Knowledge Resources & Publications

Webinar: Indigenous peoples’ access to health services

October 2019


A webinar hosted by the National Collaborating Centre for Indigenous Health (NCCIH).

Reasonable and equitable access to universal health services facilitates earlier diagnosis, lowers mortality and comorbidity rates, and leads to improved physical, mental, emotional, and social outcomes. Widely recognized as an important determinant of health, access to health services is, however, not equally nor universally available to all Canadians. Most notably, Indigenous peoples continue to experience barriers to health care, resulting in significant and ongoing health disparities compared to other Canadians.

The focus of this webinar is to explore Indigenous peoples’ access to health services including experiences of colonization, “otherness” and racism as both patients and providers. Of equal importance, the webinar will focus on strategies and innovations that remove barriers to access to health services and that integrate Indigenous experiences, knowledge and resilience into the provision of health care. Dr. Richardson will refer to case studies from the Northern Ontario School of Medicine, the Women’s College Hospital, the University of Toronto’s Faculty of Medicine, and the Royal College of Physicians and Surgeons, to discuss “wise practices” in the delivery of health services to Indigenous peoples. Examples of locally appropriate Indigenous actions and trauma-informed care, fundamental to wise practices and for sustainable and equitable change in Indigenous peoples’ access to health services, will be explored. These include the use of Indigenous navigators, access to traditional foods and healing practices, support from Elders, and land-based healing, to name a few.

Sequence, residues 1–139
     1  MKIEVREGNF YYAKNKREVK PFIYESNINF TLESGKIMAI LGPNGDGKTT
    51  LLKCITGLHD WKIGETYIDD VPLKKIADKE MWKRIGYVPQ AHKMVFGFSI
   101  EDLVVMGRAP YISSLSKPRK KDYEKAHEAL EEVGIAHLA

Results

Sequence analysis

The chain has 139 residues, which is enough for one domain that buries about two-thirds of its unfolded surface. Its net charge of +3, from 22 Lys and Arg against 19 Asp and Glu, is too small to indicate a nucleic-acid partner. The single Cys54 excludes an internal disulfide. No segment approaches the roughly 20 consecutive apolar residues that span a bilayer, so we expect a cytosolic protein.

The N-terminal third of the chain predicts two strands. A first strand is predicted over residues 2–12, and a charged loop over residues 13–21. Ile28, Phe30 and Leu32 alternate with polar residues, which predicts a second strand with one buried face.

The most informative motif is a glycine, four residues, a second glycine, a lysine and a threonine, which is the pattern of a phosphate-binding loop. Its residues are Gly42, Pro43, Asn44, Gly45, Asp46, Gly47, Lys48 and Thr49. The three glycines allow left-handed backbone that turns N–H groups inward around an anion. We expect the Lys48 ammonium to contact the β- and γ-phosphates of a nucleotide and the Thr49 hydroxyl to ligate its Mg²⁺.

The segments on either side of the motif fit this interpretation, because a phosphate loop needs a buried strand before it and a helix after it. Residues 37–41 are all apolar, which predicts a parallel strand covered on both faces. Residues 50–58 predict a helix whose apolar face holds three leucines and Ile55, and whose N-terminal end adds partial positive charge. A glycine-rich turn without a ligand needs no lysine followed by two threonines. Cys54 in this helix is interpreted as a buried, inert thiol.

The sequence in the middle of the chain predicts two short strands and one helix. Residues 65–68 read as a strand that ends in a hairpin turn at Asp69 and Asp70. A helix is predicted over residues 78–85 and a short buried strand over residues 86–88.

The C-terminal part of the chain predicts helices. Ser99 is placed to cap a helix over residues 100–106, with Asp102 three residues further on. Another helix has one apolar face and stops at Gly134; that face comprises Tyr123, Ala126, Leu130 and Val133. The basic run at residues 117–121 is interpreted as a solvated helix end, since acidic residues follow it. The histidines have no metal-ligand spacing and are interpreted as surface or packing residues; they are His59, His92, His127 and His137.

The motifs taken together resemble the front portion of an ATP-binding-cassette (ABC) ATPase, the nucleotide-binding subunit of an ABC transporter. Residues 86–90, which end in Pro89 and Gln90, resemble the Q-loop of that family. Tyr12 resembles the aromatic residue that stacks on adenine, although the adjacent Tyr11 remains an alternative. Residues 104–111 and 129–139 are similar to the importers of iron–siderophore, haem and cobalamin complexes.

Learning objectives

  • Examine how accessibility, availability and acceptability of health services have indirect and direct impacts on Indigenous peoples’ health and health outcomes.
  • Explore how the frameworks of cultural safety, anti-racist practice and trauma-informed care can strengthen leadership skills and ultimately Indigenous health equity.
  • Understand, recognize and identify opportunities to apply the concept of Indigenous allyship in leadership roles.
  • Define “wise practices” and demonstrate its application in healthcare settings.


Dr. Lisa Richardson is a clinician-educator in the University of Toronto's Division of General Internal Medicine, and practices at the University Health Network. Her academic interest lies in the integration of critical and Indigenous perspectives into medical education and she is an education researcher at The Wilson Centre. She holds the roles of Strategic Advisor in Indigenous Health for the University of Toronto’s Faculty of Medicine and is also the Indigenous Strategy Lead for Women’s College Hospital. She co-leads a new portfolio for the Department of Medicine called Person-Centered Care Education. She chairs several provincial and national committees to advance Indigenous medical education, and has been honoured with the Royal College of Physicians and Surgeons’ Thomas Dignan Award for Indigenous Health.

Suggested Reading

National Collaborating Centre for Indigenous Health. (2019). Access to health services as a social determinant of First Nations, Inuit and Métis health. Prince George, BC: Author.

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